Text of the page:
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U.S. Department of Health and Human Services

Inspections, Compliance, Enforcement, and Criminal Investigations

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Cape Medical Supply, Inc. 22-Jun-01


Public Health Service


June 22,2001

Mr. Mark Sheehan
Cape Medical Supply, Inc.
28 Jan Sebastian Drive
Sandwich, MA 02563

During an inspection of your medical oxygen filling facility located in Sandwich, MA conducted on May 21, 29 and 31, 2001, our investigator documented significant deviations from the Current Good Manufacturing Practice (cGMP) for Finished Pharmaceuticals Regulations (Title 21, Code of Federal Regulations, Part 210 and 211).

These deviations cause your oxygen drug products to be adulterated within the meaning of Section 501 (a)(2)(B) of the Federal Food, Drug and Cosmetic Act (the Act).The deviations include, but are not limited to the following:

(1) Failure to establish adequate batch production and control records of each batch of drug product produced, These records should document that each significant step in the manufacture, processing, packing and holding of the batch was accomplished as required by 21 CFR 211.188 (b). For example:

(a)there were no batch production records for the filling of cryogenic
home vessels at your firm or curbside at residences.
(b)batch production record documentation for the filling of high pressure
tanks does not appear to be accurate or reliable in that the identity
and purity test results and the temperatures of tanks during filling are
not actual observed values recorded from equipment such as the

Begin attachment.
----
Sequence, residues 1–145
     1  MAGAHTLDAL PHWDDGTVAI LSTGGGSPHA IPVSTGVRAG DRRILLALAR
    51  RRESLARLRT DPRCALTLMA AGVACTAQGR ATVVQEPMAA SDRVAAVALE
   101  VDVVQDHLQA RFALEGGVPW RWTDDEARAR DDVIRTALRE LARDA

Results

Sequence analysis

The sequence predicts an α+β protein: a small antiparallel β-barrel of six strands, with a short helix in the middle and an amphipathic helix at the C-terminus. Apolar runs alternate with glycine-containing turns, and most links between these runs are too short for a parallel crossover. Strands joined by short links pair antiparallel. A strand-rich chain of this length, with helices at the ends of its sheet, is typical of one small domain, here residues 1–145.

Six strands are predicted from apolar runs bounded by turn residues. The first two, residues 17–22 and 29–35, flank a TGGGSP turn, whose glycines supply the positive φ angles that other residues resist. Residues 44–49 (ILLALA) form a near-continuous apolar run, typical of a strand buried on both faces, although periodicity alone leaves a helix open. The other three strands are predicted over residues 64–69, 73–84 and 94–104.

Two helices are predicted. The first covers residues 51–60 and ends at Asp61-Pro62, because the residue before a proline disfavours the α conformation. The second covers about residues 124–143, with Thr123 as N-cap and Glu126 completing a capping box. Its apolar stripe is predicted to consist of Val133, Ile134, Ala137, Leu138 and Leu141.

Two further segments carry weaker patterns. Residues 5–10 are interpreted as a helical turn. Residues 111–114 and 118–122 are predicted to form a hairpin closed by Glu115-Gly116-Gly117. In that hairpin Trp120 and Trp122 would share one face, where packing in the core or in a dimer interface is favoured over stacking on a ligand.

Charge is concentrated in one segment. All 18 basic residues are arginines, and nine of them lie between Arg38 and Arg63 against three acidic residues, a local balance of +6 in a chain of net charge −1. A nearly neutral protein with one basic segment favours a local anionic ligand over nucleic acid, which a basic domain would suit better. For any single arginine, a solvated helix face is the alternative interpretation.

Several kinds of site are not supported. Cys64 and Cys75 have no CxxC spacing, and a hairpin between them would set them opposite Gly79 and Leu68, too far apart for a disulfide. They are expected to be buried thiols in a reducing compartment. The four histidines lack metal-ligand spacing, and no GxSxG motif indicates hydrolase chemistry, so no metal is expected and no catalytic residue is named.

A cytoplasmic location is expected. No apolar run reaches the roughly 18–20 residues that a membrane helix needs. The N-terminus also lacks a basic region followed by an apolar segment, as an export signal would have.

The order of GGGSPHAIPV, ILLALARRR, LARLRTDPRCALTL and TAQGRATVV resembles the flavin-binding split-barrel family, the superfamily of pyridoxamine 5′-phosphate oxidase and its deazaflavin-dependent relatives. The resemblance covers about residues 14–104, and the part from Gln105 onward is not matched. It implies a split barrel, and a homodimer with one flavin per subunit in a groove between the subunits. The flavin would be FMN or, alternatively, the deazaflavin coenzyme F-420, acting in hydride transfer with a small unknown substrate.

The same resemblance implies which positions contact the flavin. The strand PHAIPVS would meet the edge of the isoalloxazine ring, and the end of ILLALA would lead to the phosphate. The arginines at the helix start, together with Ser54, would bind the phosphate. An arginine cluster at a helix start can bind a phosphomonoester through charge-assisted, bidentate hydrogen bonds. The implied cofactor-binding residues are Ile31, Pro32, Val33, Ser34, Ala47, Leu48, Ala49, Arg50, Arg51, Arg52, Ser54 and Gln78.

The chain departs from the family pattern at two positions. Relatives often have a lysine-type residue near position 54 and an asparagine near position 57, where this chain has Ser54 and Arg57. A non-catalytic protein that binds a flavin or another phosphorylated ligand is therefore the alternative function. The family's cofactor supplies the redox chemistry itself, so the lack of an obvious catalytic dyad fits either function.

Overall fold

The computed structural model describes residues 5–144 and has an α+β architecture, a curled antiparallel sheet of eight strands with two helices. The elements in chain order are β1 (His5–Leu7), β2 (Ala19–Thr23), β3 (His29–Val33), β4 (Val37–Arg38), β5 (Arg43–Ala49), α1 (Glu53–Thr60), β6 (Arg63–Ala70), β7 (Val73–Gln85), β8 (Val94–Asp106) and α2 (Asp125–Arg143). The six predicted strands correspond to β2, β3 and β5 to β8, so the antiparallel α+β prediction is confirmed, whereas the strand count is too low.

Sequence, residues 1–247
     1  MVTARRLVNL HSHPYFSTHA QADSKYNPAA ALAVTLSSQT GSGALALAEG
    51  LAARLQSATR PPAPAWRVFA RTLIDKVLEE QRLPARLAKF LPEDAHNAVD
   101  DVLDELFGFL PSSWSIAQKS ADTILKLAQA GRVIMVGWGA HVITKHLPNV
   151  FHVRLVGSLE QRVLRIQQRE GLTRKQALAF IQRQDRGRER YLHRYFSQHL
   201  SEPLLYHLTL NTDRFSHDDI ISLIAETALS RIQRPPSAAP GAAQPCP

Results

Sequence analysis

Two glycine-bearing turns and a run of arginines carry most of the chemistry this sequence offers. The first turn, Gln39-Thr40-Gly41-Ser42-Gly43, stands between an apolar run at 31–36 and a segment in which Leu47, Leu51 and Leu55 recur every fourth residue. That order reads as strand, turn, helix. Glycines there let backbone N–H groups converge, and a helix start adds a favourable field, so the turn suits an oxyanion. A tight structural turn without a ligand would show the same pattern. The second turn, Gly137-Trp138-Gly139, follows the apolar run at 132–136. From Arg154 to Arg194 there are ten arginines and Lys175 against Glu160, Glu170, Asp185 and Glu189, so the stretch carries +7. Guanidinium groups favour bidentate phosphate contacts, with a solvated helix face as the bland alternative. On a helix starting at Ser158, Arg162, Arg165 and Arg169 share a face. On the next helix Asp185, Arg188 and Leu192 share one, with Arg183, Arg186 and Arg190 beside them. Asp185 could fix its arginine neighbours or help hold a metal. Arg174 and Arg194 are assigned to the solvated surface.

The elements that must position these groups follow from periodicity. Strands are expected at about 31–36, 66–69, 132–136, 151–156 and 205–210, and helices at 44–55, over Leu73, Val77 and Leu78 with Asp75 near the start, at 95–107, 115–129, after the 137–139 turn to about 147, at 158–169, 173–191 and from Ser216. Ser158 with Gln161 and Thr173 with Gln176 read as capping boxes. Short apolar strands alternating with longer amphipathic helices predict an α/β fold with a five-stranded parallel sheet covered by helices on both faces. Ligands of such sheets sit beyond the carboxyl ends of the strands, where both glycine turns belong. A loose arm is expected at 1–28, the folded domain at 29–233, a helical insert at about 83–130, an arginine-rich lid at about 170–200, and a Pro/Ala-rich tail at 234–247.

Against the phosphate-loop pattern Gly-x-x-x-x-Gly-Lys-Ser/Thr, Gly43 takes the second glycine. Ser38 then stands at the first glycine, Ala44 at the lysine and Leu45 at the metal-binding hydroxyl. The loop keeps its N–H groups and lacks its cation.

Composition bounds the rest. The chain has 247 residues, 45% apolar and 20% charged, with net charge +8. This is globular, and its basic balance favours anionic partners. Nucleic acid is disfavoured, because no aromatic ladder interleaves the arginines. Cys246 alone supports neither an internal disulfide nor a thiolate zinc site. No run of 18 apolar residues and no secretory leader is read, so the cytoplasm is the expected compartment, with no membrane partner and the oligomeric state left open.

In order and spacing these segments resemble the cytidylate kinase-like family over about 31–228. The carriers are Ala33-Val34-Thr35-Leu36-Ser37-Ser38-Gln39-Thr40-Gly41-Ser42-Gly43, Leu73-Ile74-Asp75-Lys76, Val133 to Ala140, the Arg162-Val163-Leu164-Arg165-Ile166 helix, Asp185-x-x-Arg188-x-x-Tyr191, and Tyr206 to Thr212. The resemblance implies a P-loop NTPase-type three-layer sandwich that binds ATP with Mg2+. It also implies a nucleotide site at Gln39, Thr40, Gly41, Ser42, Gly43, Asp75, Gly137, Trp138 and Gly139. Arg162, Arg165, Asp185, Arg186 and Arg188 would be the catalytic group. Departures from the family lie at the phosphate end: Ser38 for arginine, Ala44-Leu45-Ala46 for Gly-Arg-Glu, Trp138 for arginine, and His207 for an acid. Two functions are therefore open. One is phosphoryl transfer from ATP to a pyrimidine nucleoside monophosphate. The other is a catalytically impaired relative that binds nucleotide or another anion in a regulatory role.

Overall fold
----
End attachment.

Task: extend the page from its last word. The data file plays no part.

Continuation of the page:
Oxygen analyzer and thermometers.
(c)batch production record documentation of the prefill inspections of
labeling does not appear to be accurate or reliable in that the FDA
investigator made numerous observations of inadequate labeling of
Oxygen tanks.

(2) Failure to properly calibrate the [redacted] oxygen analyzer used for the assay of Oxygen, USP as required by 21 CFR 211.160 (b) (4). For”example, the analyzer is not calibrated in accordance with the manufacturer’s directions. In addition, the nitrogen- and oxygen calibration gases used for calibrations are not adequate. The nitrogen calibration gas expired on 12/4/00 according to the certificate of analysis. The concentration of the oxygen calibration gas used by your firm is too low in that according to the certificate of analysis, the assay result of [redacted] oxygen and a certified high purity oxygen [redacted] is required for calibration.

(3)Failure to adequately test or take other appropriate measures to assure the quality and potency of Oxygen, U.S. P. as required by 21 CFR 211.165 (a)ln that your firm does not periodically verify the reliability of the supplier’s analysis of incoming product.

(4)Failure to document that each employee engaged in the manufacture, filling, processing, holding, or shipping of your oxygen products is trained in the particular operations that the employee performs and in current good manufacturing practices as it relates to the employee’s functions as required by 21 CFR 211.25 (a).

(5)Failure to follow your firm’s own written procedures as required by 21 CFR 211.100 (b). During the inspection, our investigator observed numerous examples where your personnel did not follow written policies and procedures.